Kansas man sentenced to life in prison in fatal hate crime shooting

A Kansas man will spend the rest of his life behind bars for fatally shooting an engineer from India whom he called a "terrorist," prosecutors said, and for wounding two others.

Adam Purinton, 53, was sentenced to three consecutive sentences of life in prison without the possibility of parole Tuesday morning after pleading guilty in May in Kansas federal court to a three-count indictment, which included hate crime and firearm charges.

Prosecutors said Purinton shot and killed 32-year-old Srinivas Kuchibhotla and wounded his friend Alok Madasani, also from India, while they were at Austins Bar and Grill in Olathe, Kansas, last February.

Ian Grillot, a good Samaritan who intervened, was also shot and injured.

Purinton, who originally pleaded not-guilty to the federal indictment, admitted to poking Kuchibhotla in the chest, calling him a "terrorist" and an epithet against people of Middle Eastern descent, and shouting, "Get out of my country!" according to a statement from the Justice Department.

He then drove home, got one of his guns, and returned to the bar to carry out the shooting, prosecutors said.

"The crimes at issue in this case are detestable," Attorney General Jeff Sessions said in part in a statement Tuesday. "The defendant acted with clear premeditation in murdering one man, and attempting to murder a second man, simply because of their race, religion, and national origin. As a result, a promising young life has been tragically cut short, and other lives have been filled with suffering."

Emails seeking comment sent to Purinton's federal defense attorneys were not immediately returned.

A spokesperson for Sunayana Dumala, Kuchibhotla's wife, said Dumala would not be attending Tuesday's sentencing.

In her victim-impact statement, Dumala described Kuchibhotla as kind, caring and always respectful of others.

She also had a message for Purinton.

"If you could have kept your anger inside and spoke to my husband softly, Srinu would have been more than happy to share his background and help you understand that not every brown skinned person is suspicious or evil, but kind, smart and contributing to America," Dumala said in part in her statement, according to the Justice Department. "Instead you chose to rage and bully in anger and when you were stopped, you decided to take their lives."

Purinton's sentencing on the federal indictment, which comes a little more than three months after he was sentenced on separate state charges, wraps up a case that sent shock waves through the Indian community both in the U.S. and overseas.

A few weeks before the Feb. 22, 2017, shooting, Purinton had been sitting alone in the bar area of Austins Bar and Grill when Kuchibhotla and Madasani just so happened to be having a drink on the patio, Purinton admitted in his plea agreement and testified in open court, according to the Justice Department.

After spotting the pair, Purinton said to a regular sitting at the bar, "Did you see the terrorists on the patio?" prosecutors said.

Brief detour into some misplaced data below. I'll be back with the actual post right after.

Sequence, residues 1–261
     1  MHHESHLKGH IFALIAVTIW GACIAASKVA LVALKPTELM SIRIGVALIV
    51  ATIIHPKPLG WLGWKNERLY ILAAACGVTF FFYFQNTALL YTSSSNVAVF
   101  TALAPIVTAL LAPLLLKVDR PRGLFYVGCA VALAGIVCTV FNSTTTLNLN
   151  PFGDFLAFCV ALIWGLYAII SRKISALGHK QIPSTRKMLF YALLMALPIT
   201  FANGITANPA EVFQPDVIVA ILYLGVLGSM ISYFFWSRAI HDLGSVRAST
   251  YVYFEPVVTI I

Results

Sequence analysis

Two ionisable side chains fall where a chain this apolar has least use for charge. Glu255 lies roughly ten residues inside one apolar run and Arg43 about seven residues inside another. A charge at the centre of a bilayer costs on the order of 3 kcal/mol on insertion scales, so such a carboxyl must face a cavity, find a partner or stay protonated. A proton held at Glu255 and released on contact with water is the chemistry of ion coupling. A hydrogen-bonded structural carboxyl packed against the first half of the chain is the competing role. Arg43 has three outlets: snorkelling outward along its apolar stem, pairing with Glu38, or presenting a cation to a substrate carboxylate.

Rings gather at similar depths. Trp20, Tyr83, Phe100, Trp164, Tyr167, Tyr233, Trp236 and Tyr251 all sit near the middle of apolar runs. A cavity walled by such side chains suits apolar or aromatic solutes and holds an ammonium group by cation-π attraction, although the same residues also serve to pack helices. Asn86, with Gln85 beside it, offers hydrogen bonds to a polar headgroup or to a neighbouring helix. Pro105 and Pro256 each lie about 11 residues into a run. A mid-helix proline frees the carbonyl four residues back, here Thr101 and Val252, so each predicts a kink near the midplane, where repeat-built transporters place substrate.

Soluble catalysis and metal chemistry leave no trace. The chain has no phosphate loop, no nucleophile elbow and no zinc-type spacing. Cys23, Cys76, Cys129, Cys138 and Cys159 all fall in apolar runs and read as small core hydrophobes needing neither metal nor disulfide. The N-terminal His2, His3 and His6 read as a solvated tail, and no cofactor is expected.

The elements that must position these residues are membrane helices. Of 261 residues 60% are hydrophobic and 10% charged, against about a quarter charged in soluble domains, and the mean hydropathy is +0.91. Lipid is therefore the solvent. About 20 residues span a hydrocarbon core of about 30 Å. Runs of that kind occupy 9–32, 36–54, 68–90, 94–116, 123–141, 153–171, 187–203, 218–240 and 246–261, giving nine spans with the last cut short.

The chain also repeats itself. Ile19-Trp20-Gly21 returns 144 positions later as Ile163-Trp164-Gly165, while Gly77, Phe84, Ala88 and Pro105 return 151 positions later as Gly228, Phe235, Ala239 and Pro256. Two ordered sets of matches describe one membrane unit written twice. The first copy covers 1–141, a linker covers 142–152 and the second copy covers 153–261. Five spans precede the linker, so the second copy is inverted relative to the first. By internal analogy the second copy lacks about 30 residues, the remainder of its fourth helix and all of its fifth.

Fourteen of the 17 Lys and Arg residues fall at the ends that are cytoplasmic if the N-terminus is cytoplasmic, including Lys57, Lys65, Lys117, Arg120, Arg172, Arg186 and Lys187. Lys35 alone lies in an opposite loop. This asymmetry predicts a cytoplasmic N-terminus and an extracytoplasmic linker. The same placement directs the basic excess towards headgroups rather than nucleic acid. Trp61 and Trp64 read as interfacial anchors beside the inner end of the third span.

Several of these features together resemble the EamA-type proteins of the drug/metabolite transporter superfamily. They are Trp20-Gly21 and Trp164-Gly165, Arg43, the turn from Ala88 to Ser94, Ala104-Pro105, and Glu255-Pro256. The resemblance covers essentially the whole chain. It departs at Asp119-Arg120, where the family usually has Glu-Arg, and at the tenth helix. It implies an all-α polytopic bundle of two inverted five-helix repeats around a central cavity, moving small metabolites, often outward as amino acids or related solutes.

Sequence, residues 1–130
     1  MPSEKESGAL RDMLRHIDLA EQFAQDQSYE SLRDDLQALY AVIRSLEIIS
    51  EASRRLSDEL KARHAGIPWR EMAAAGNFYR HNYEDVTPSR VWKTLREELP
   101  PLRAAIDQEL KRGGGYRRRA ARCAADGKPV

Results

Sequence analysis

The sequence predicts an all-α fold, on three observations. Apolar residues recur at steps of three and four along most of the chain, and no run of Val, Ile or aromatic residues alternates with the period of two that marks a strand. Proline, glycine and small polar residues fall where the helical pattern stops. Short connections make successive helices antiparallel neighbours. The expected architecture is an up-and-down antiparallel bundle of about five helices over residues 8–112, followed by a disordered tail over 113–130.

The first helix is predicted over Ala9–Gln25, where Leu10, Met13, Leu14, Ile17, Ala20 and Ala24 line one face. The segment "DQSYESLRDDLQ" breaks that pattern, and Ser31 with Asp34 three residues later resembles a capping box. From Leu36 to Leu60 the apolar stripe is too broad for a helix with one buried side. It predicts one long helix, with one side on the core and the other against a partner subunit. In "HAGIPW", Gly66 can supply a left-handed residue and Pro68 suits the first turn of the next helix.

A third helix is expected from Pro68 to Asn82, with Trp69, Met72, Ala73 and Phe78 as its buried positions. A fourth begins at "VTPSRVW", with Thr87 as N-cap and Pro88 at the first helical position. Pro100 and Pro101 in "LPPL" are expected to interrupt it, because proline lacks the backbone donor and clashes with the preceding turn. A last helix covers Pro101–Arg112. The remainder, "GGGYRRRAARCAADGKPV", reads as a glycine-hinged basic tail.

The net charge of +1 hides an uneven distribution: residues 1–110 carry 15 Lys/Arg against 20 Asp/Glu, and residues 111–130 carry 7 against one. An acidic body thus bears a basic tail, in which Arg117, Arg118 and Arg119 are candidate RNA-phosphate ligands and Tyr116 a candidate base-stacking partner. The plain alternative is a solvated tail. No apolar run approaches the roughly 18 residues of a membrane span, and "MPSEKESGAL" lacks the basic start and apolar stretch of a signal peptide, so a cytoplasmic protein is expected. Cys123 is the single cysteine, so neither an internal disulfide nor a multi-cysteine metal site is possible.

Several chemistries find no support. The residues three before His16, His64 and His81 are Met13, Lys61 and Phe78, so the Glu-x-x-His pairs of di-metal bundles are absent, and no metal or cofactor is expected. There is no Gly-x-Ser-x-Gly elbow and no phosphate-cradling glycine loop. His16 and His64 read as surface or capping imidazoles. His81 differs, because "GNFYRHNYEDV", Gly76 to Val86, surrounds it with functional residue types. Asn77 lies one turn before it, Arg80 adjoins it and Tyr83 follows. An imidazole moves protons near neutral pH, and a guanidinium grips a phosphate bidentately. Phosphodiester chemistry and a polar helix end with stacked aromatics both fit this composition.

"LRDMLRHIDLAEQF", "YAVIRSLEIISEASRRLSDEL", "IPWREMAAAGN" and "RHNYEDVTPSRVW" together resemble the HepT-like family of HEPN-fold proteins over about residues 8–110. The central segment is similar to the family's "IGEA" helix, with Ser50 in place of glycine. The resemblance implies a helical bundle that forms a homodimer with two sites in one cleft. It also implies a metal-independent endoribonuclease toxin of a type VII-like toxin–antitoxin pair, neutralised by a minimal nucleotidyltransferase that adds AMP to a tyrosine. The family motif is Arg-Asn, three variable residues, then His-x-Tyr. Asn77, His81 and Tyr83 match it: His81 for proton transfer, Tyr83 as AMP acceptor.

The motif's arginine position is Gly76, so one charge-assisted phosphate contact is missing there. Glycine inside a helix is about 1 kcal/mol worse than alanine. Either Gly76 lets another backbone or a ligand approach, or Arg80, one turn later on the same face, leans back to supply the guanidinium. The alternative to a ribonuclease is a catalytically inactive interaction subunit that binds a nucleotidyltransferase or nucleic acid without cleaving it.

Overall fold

On the night of the shooting, Purinton sat again by himself, this time on the enclosed front patio, the Justice Department said. At a table to his right were Kuchibhotla and Madasani, to his left Grillot and several other patrons.

Purinton approached Kuchibhotla and Madasani at around 6:40 p.m., demanding to know where they were from and how they got into the country, prosecutors said.

Kuchibhotla worked as an aviation systems engineer and programs manager at GPS maker Garmin.

"Purinton poked Kuchibhotla in the chest, called him a "terrorist" and an epithet disparaging persons of Middle Eastern descent, and shouted, "Get out of my country!" the Justice Department statement said.

Grillot and another patron told Purinton he needed to leave and escorted him out of the bar.

That, the Justice Department said, is when Purinton got in his truck and drove back home — to get his nine-millimeter semi-automatic pistol.

He also put on a different shirt and took a blue-and-white scarf with him to disguise his identity, prosecutors said.

A little more than a half hour later, Purinton returned to Austins Bar and Grill. Having wrapped the scarf around his face, a gun in hand, Purinton walked over to the enclosed front patio, opened the door and took aim at Kuchibhotla and Madasani, the Justice Department statement reads.

He fired off eight rounds, at least four of them hitting and mortally wounding Kuchibhotla, prosecutors said. One of the bullets also struck and injured Madasani.

Following the shooting, Purinton fled the bar while Grillot, the patron who had intervened earlier, gave chase, the Justice Department said. As Grillot caught up to him, Purinton turned around and opened fire, injuring Grillot.

Hours after the shooting, Purinton told a friend over the phone, and later a bartender in person, that "he had just killed some Iranians," according to the Justice Department statement.

Purinton admitted that he shot both Kuchibhotla and Madasani, attempting to kill both men, "because of their race, color, religion and national origin."

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